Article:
A recent case in the Northern District Court of Ohio reached the same result on a different basis. In Pate v. Huntington Nat. Bank, http://law.justia.com/cases/federal/district-courts/ohio/ohndce/5:2012cv01044/188432/84, although the original complaint was not subject to removal, one defendant removed the case on diversity grounds pursuant to CAFA after plaintiffs filed an amended complaint contending that the proposed class collectively lost more than $15 million. In conjunction with a motion to remand, however, plaintiffs filed a second amended complaint, purporting to disclaim damages beyond $4,999,999.99. The court found that plaintiffs’ claim of damages exceeding the federal amount in controversy (as stated in the first amended complaint) was presumed correct, unless shown to a legal certainty that the amount was actually less than the federal standard. Absent such proof, the plaintiff could not subsequently defeat federal jurisdiction after it attached by further amending the complaint to limit its claimed damages.

These opinions are of particular interest when considered in conjunction with recent amendments to the federal removal statutes. The amendments apply to all actions “commenced” in state court on or after January 6, 2012. Under the amended statutes, when multiple defendants are sued in state court, each defendant now has thirty days to file a notice of removal to federal district court starting from the date that particular defendant was served.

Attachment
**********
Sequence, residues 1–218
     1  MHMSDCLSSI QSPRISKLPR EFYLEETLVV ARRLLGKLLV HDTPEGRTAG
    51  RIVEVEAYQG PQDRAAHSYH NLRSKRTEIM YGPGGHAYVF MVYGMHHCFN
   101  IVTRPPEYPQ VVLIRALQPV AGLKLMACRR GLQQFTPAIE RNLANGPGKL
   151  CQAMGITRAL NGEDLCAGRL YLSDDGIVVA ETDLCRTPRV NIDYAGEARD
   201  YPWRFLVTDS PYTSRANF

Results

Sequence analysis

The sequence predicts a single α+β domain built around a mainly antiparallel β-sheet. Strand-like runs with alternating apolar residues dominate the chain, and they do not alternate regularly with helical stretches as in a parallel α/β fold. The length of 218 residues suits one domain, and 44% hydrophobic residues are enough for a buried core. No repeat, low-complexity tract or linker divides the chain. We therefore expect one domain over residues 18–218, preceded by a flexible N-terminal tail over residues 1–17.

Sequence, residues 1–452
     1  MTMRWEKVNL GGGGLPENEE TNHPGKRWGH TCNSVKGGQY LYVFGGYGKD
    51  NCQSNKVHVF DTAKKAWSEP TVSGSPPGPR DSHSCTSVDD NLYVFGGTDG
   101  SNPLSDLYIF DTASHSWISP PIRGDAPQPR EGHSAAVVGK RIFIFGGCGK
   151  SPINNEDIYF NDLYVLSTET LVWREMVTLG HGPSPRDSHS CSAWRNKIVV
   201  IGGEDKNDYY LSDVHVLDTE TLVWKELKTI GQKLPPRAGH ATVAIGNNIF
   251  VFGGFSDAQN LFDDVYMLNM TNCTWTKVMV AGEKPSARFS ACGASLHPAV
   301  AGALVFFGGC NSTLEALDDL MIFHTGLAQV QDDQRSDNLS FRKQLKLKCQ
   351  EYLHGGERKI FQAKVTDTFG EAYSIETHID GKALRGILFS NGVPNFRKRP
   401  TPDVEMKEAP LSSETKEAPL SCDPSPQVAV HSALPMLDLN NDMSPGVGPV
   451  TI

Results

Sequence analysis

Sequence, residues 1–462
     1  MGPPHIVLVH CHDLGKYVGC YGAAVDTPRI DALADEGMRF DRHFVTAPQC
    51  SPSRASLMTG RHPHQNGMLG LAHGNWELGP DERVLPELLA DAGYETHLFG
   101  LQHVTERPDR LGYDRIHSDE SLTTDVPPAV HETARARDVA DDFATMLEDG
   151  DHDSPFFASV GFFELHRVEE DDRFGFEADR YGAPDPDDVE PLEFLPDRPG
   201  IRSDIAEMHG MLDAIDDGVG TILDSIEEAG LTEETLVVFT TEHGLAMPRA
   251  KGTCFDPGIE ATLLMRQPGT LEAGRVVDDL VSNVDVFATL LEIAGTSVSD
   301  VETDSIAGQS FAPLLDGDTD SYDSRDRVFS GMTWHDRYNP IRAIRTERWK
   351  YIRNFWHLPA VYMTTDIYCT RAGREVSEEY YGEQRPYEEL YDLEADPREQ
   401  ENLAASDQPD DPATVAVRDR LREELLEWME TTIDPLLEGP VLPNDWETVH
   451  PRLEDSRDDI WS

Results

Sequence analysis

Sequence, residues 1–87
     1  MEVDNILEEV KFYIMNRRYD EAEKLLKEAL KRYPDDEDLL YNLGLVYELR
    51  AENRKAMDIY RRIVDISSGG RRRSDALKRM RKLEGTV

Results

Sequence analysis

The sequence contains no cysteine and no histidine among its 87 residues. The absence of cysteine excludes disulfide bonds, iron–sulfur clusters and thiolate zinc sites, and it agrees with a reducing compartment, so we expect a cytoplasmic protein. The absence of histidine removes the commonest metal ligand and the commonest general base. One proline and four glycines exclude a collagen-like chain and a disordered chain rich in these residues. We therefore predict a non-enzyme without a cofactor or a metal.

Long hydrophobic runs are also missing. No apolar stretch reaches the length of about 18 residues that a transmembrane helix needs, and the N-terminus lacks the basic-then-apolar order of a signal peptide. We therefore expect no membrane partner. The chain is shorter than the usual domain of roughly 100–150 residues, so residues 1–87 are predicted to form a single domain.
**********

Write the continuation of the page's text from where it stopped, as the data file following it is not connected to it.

Defendants seeking removal to federal court under 28 U.S.C. § 1441 must do so according to the procedures described in 28 U.S.C. § 1446, which now clarifies that each “defendant shall have 30 days after receipt by or service on that defendant of the initial pleading or summons . . . to file the notice of removal.” 28 U.S.C. § 1446(b)(2)(B) (2012). The previous Section 1446(a) referred to a “defendant or defendants,” while Section 1446(b) referred only to “receipt by the defendant,” raising the question of whose receipt of the complaint would trigger the clock for removal.

Even if the initial complaint is not removable, a notice of removal may be filed within thirty days after receipt by the defendant, through service or otherwise, of a copy of an amended pleading, motion, order or “other paper” from which it may first be ascertained that the case is one which is or has become removable under 28 U.S.C. § 1446(b)(3). Amended 28 U.S.C. § 1446(c)(3)(A) clarifies that if the case is not removable on the initial complaint solely because the amount in controversy does not exceed $5 million, information relating to the amount in controversy in the record of the state proceeding, or in responses to discovery, shall be treated as “other paper” under subsection (b)(3).

Courts will likely be wary of future plaintiffs’ after-the-fact attempts by amendment or stipulation to avoid federal-court jurisdiction, a result favorable to businesses which are frequently named as defendants in these class action lawsuits. Under Knowles, courts are no longer required to treat a pre-certification stipulation that the amount in controversy will not exceed $5 million as binding. Further, under the amended removal statutes, a notice of removal may still be filed within thirty days after receipt by a defendant of discovery responses or “other paper” confirming that the total amount in controversy meets the CAFA jurisdictional requirements.